A: The first time I heard Taylor Swift’s bubblegum pop hit “We Are Never, Ever Getting Back Together,” I thought it was just kind of meh. But then, suddenly, "We are never ever, EVER getting back together" would creep into my head while I was brushing my teeth. "But oooh, this time I’m telling you, I’m telling you," would play in my ears while I was trying to concentrate at work. I couldn’t even escape that irksome “rap” in the song: "And I’m like…I just, I mean, this is exhausting, you know, like, we are never getting back together. Like, ever." Talk about worst thing ever!
Getting a song stuck in your head is almost as fun as an itchy mosquito bite. And it could be anything—the latest radio hit, a movie theme song, that annoying Chili’s jingle you heard on TV ions ago (don’t worry, I won’t do it). Our brains are not picky. Especially if you are a woman—sorry, girls, we are apparently particularly susceptible.
Luckily these “earworms,” as experts call them because of their ability to “burrow” into our brains, can be eliminated.
A recent study at Western Washington University found that your environment is likely to blame. “Intrusive songs often return to awareness [both] during periods of low cognitive load” as well as “during cognitively challenging activities,” the study says. Basically, if you’re super bored, or struggling with an overly difficult mental task, you’re more prone to letting earworms creep in.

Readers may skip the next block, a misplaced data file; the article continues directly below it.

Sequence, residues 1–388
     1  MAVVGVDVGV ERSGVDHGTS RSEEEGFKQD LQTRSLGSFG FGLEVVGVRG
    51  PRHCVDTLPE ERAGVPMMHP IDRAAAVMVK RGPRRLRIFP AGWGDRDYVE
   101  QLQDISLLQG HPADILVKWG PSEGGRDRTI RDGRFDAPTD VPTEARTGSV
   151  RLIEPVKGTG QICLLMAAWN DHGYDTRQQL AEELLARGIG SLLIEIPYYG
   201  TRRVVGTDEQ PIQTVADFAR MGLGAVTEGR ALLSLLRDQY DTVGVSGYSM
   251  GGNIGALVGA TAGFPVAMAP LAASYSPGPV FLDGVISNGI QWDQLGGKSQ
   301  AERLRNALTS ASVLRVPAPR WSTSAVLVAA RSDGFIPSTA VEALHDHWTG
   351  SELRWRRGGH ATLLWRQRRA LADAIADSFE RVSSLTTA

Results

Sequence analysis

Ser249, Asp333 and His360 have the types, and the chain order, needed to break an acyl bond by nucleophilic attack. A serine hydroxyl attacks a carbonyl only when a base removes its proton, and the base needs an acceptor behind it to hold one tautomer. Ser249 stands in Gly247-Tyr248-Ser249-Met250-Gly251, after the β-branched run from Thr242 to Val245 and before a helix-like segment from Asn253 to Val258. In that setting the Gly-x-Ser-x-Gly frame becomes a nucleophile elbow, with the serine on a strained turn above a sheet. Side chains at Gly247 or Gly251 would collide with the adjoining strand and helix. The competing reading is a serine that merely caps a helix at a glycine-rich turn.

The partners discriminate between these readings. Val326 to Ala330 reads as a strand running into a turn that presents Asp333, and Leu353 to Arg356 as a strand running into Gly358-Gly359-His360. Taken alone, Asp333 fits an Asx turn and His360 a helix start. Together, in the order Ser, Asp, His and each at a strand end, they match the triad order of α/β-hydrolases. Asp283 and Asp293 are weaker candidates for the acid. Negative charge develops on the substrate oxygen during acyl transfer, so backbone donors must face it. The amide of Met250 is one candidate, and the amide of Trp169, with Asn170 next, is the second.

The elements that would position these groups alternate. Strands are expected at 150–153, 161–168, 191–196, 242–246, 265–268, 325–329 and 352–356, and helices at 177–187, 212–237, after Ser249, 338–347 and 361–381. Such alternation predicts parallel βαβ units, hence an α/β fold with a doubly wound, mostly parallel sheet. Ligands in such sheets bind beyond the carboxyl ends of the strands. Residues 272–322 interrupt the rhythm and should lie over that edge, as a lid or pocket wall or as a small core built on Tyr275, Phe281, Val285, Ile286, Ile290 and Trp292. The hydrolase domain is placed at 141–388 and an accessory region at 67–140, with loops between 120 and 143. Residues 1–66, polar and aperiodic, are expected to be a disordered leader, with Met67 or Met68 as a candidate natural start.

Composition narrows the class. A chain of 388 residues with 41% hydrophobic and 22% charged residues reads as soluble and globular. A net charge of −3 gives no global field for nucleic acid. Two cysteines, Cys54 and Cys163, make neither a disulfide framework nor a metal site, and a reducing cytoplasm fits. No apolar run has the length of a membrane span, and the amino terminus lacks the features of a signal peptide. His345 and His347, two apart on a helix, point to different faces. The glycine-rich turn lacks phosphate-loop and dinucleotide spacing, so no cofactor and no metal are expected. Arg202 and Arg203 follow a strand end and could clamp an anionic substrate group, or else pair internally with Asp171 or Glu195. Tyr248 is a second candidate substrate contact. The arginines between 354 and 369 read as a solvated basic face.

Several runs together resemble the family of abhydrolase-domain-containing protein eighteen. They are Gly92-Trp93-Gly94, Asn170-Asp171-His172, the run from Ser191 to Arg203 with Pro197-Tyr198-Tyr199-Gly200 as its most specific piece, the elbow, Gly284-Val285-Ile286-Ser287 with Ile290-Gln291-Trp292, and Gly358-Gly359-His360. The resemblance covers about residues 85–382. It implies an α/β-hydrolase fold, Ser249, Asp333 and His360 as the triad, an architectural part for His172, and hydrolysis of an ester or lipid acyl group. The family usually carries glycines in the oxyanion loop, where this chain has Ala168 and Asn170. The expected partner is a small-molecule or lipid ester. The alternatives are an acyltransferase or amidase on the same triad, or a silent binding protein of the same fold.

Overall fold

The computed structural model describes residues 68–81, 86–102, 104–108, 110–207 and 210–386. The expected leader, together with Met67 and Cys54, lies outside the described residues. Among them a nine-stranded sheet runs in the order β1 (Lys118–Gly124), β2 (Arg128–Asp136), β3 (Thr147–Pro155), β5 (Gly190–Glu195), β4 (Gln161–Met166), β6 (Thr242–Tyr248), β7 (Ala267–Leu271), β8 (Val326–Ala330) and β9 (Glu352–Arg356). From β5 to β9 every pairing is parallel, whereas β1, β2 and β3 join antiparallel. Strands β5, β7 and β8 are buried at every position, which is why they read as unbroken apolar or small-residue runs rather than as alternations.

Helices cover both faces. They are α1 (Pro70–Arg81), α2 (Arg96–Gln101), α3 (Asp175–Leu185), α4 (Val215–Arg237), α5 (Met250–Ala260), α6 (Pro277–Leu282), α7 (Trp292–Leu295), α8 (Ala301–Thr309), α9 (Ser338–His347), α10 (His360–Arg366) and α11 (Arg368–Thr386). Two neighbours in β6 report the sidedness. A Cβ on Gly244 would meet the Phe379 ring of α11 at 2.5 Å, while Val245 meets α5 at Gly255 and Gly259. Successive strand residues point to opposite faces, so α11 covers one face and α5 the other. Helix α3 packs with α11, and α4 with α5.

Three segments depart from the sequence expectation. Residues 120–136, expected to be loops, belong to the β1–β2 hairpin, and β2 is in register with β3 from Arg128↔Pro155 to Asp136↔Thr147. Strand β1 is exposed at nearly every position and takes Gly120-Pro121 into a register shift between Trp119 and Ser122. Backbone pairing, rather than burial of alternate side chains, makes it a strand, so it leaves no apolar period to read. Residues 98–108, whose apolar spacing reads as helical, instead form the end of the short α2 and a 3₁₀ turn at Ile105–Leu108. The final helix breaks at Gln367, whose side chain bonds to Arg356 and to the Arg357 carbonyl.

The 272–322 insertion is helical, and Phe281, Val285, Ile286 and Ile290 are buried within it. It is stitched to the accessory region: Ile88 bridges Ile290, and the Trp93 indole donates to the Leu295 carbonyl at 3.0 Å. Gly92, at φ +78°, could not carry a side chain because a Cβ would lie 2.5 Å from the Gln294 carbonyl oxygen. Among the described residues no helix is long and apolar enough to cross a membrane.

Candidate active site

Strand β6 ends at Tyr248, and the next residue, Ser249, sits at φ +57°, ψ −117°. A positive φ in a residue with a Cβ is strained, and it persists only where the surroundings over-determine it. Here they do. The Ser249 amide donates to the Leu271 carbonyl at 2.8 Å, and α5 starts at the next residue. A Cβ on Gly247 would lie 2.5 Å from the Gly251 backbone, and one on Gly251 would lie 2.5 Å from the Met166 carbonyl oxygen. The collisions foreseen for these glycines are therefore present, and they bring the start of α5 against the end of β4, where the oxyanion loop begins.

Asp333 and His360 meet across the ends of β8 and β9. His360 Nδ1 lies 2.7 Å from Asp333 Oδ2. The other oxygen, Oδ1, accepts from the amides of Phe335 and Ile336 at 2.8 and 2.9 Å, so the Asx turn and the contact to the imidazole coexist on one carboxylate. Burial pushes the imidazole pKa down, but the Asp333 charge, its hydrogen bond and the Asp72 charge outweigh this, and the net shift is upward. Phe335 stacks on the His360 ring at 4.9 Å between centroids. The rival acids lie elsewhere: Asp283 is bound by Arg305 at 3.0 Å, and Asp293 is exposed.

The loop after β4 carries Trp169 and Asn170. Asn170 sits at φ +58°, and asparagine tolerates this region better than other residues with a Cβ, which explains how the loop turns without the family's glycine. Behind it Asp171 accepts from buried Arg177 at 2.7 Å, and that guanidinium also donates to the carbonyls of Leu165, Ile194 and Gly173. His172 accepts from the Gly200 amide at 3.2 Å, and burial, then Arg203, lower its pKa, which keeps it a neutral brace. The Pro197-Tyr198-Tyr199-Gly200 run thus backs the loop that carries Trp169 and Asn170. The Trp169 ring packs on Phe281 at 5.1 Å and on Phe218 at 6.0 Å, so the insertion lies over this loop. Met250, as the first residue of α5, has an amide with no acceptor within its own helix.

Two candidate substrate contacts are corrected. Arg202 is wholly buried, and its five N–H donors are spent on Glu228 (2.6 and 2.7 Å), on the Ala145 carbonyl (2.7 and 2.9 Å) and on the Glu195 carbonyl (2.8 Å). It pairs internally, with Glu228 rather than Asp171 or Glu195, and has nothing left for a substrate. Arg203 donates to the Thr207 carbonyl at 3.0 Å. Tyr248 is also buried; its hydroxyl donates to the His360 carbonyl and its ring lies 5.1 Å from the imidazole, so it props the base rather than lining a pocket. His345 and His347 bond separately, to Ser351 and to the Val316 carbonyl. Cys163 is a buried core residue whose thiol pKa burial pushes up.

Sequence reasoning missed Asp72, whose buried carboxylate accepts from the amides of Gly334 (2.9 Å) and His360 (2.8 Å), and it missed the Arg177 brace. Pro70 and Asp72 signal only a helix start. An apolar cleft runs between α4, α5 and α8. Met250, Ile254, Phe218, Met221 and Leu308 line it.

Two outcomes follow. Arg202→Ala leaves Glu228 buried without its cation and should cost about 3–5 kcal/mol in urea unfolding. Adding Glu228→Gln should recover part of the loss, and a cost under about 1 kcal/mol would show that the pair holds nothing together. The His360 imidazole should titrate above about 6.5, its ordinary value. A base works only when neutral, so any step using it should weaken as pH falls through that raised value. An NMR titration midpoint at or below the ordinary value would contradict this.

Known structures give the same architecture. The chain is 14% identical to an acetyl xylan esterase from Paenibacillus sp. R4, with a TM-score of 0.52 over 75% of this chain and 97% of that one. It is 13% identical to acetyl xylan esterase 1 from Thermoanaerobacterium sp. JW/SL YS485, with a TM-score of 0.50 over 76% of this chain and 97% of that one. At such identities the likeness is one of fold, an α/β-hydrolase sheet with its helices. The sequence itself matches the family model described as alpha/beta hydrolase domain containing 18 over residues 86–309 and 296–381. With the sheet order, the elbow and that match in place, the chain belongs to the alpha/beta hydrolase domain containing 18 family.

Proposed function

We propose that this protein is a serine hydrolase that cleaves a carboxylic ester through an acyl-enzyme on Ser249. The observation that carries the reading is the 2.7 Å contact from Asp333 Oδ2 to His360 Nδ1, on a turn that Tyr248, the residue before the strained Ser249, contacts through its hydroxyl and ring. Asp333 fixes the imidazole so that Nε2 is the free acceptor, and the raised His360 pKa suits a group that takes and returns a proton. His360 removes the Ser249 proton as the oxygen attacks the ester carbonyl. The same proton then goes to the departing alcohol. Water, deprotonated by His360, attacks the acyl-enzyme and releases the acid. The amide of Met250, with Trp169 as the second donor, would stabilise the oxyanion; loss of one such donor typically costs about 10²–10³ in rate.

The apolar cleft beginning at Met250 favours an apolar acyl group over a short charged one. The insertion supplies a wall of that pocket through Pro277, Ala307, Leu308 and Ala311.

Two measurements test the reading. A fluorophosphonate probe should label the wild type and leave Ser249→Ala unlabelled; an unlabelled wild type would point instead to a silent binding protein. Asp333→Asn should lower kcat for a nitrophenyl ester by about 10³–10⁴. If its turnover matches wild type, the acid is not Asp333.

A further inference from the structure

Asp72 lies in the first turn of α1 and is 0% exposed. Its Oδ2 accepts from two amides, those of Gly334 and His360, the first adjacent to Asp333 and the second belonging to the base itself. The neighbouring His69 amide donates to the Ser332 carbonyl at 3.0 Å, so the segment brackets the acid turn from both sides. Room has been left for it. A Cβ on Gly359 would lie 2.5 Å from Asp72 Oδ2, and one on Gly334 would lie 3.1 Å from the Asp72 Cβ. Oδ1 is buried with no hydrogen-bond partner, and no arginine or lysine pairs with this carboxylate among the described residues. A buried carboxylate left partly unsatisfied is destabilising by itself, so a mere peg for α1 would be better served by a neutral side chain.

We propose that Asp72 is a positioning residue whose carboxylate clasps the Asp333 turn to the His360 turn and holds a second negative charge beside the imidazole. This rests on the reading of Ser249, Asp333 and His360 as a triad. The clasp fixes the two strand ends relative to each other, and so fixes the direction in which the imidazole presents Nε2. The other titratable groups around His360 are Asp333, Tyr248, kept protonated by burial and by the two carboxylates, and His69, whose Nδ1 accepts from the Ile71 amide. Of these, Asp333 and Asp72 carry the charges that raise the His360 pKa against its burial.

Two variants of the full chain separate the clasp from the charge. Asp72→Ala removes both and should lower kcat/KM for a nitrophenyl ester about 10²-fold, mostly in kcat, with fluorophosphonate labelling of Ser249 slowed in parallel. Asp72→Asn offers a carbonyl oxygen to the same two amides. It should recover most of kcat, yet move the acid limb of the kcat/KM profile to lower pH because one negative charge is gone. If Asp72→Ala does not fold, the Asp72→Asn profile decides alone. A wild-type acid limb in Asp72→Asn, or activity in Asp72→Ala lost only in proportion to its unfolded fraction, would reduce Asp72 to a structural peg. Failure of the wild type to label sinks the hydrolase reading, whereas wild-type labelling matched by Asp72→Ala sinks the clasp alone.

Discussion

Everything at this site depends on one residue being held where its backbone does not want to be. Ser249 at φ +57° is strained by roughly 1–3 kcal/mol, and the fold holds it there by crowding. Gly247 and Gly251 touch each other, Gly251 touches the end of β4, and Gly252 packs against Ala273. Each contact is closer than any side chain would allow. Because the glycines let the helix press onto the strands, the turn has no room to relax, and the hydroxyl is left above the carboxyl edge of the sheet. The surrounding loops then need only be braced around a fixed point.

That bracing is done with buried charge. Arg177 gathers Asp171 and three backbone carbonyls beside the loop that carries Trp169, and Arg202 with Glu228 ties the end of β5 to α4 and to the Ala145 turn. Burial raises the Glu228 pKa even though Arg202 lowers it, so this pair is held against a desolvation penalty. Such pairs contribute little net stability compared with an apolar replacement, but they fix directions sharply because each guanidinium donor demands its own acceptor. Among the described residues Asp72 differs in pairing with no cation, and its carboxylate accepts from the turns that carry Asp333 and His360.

The solution: Take a break, and find a task somewhere in the middle of the spectrum—nothing too repetitive or mind-numbing, but not too difficult either, where your mind is apt to wonder. An appropriately challenging task that you enjoy —like reading a good book—is your best bet at exterminating those earworms.
Other potential “risk factors:”
- Participants in the study who were stressed, tired or in a busy environment reported more mind wandering (i.e. more earworms), while those who were happy and doing activities they actually enjoyed reported less.
- Previous research has shown that only knowing part of the lyrics—as most of us do—can be especially troublesome: our brains want to complete the thought, but when they can’t, they get stuck on repeat, much like that proverbial broken record.
- Finally, the study suggests that—contrary to the common perception that only those truly obnoxious tunes get stuck—it’s actually the songs we like that generally burrow into our brains.
Guess I just got busted for that T-Swift song.
A version of this story originally appeared on iVillage.